The Consumer Financial Protection Bureau is here to stay, despite the coordinated efforts of the mortgage and debt collection financial industry to litigate the federal government's consumer watchdog agency out of existence.  This is the most substantial outcome of the Oct. 11, 2016 ruling by the Circuit Court of Appeals for the District of Columbia. No, the sky has not fallen on consumers.

Reviews of the decision by business centric news agencies present a different interpretation.  According to industry, the decision is a major victory because the Court of Appeals overturned a $109 million fine imposed on New Jersey mortgage originator and servicing company PHH Corporation.  The banking sector has been celebrating the win with typical shortsighted glee.  In reality, the decision is a long-term victory for consumers and will empower the CFPB to rein in financial companies who engage in predatory activity against consumers.


Factually, the case addresses PHH Corporation's appeal of a 2014 fine imposed on the company for systematically violating the Real Estate Settlement Procedures Act (RESPA) repeatedly over a significant period of time.  PHH regularly accepted illegal and undisclosed kickbacks from mortgage insurers. Originally the case went before an administrative judge who agreed that PHH violated the law, but suggested a nonbinding (and paltry) damage award of $6.4 million as a fine.  The CFPB rejected the administrative judge’s recommendation, and instead imposed the $109 million fine.  PHH subsequently appealed the fine to the Circuit Court where the company challenged not only the alleged arbitrary nature of the fine, but the very structure of the CFPB.  PHH Corporation litigated the case on behalf of the entire financial industry, attempting to dismantle the CFPB by obtaining a court ruling that the agency's structure is unconstitutional.  The Court's ruling ended a long way from the hopes of the financial sector, which sought to roll back the most quintessential component the 2010 Dodd Frank Wall Street Reform and Consumer Protection Act.  

The Court of Appeals ruled that the CFPB imposed a fine for conduct that took place prior to the agency’s delivery of its own interpretations of existing regulations, resulting in a due process violation.  The (RESPA) regulation used against PHH pre-dated the CFPB and had been interpreted differently by the Department of Housing and Urban Development (HUD) which exercised limited oversight concerning regulatory enforcement.  The Courts rejected the CFPB’s attempts to read new meaning into regulations that were already interpreted by courts and industry, and suggested it was an attempt by the CFPB to act with legislative powers reserved only for Congress.  It also criticized the agency for attempting to fine PHH for actions that occurred outside of the applicable statute of limitations under RESPA.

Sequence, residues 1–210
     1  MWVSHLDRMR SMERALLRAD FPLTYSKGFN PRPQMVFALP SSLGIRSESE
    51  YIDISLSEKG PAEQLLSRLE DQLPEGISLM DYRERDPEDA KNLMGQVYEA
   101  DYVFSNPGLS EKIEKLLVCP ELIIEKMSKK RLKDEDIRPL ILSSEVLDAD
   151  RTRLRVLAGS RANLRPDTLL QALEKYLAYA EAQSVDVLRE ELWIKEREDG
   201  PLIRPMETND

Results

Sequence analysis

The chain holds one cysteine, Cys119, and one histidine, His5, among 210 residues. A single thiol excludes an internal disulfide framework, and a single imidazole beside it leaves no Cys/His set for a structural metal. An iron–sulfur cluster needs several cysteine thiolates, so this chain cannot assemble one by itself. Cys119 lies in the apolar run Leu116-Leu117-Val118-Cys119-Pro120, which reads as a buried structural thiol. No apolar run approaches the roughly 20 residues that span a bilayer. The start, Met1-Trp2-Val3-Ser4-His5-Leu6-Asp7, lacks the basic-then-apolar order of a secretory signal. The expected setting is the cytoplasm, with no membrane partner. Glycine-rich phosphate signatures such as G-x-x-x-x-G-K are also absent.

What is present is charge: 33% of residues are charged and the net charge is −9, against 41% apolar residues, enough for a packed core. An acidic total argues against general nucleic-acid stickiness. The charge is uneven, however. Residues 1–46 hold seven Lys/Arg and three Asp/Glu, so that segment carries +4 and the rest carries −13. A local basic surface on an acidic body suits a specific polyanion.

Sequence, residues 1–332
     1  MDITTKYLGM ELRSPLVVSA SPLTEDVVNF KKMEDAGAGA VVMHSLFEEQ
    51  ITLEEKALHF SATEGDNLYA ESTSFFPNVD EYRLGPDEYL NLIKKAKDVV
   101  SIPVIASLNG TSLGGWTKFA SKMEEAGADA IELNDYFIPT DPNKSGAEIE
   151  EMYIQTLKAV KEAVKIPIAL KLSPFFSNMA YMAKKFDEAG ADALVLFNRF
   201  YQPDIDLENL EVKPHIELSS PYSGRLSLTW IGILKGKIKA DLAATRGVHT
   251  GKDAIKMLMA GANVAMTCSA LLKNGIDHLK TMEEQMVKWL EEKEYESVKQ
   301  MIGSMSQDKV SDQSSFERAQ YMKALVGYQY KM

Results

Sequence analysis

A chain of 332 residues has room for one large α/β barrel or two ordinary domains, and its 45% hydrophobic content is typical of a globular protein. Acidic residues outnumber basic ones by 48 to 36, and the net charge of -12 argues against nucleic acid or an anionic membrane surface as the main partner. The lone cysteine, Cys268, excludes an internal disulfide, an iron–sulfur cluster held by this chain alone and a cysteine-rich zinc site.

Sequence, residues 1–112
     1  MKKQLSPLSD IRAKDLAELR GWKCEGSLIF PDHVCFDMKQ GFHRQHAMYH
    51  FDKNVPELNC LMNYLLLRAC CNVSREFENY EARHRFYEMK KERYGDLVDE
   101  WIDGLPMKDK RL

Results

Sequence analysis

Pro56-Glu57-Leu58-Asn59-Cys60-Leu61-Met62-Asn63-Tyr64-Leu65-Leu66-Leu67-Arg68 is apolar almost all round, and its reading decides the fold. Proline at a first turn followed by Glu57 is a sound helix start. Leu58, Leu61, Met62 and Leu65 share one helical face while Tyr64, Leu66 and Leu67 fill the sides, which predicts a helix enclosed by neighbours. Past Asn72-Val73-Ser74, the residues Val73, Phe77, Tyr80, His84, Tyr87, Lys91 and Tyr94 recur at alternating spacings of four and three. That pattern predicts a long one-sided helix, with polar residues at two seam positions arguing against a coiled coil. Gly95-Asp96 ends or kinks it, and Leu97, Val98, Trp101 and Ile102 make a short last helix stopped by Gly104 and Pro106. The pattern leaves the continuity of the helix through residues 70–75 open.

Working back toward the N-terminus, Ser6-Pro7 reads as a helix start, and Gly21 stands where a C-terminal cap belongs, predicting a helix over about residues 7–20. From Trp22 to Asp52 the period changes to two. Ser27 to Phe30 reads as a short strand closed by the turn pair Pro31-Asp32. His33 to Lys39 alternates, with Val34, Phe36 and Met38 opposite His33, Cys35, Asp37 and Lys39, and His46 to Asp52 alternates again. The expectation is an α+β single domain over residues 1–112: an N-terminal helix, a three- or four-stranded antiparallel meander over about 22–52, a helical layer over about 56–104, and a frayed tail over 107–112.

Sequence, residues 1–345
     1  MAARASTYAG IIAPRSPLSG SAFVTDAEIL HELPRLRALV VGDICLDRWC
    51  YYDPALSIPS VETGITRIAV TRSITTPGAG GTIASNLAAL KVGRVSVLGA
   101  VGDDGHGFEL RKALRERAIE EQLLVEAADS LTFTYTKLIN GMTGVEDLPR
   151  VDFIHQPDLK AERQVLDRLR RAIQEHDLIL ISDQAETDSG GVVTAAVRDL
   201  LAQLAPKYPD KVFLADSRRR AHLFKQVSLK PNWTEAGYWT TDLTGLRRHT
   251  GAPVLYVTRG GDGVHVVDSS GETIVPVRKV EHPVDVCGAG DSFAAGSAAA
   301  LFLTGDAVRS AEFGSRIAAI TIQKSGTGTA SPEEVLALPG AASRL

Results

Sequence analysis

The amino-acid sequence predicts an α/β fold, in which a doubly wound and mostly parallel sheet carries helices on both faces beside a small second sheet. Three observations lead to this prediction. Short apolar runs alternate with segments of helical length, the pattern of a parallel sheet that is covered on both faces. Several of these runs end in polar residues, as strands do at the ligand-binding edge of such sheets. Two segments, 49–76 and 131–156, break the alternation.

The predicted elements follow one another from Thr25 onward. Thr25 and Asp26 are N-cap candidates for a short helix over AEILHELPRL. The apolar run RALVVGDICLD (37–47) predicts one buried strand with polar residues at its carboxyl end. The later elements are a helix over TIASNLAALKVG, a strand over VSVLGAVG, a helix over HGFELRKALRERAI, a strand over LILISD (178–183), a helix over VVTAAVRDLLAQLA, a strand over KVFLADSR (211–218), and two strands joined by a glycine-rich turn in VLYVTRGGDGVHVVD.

As to the constitutional challenge, the Court held that the current structure of the CFPB is unconstitutional, but rather than dismantle the agency, the Court provided a roadmap for how to change the executive structure of the CFPB so the agency can continue operations.  The change will make the CFPB less independent and will require the agency head to report directly to the President.  Currently, the agency's director serves a five-year term and can only be removed for cause. The new change will likely make the CFPB more political and result in a more aggressive agency during administrations focused on consumer protection, while the public should expect to see fewer enforcement actions during administrations that favor deregulation.

It is unlikely that the rulemaking function of the CFPB will change thanks to one major advantage the CFPB has on its side:  time.  New regulations and official interpretations take years to develop, and there are periods of time set aside for open comments when the industry can provide suggestions and objections to the proposed rule and its language.  The length of time from when a regulation is proposed to when it is officially adopted may carry over from one presidential administration to another, limiting the ability of political gamesmanship to undermine the CFPB’s mandate.  Ultimately, with respect to the CFPB’s rulemaking function, the appeals court’s decision may turn out to be little more than a simple judicial clarification of a law, in this case RESPA.

And perhaps the most important factor for consumers to remember is that the appeal’s court ruling has absolutely no impact on consumers who are seeking to bring their own private rights of action for violations of statutes like RESPA and the Fair Debt Collection Protections Act (FDCPA).  While the CFPB itself may take less aggressive action to enforce its own regulations, consumers continue to benefit from the work of the CFPB and can continue to bring the same private rights of action available prior to the PHH Corporation decision.  For consumers, there is a reason to celebrate knowing the CFPB is here to stay.

Denbeaux & Denbeaux Senior Associate Adam Deutsch provides legal representation to help consumers who have been harmed financially, as well prosecuting cases related to predatory lending, false credit reporting, and illegal debt collection practices. Denbeaux & Denbeaux Managing Partner Joshua Denbeaux, Esq. is an expert in RESPA, TILA and FDCPA, helping consumers fight illegal foreclosure and debt collection, predatory lending, and false credit reporting.

The views expressed by authors are their own and not the views of The Hill.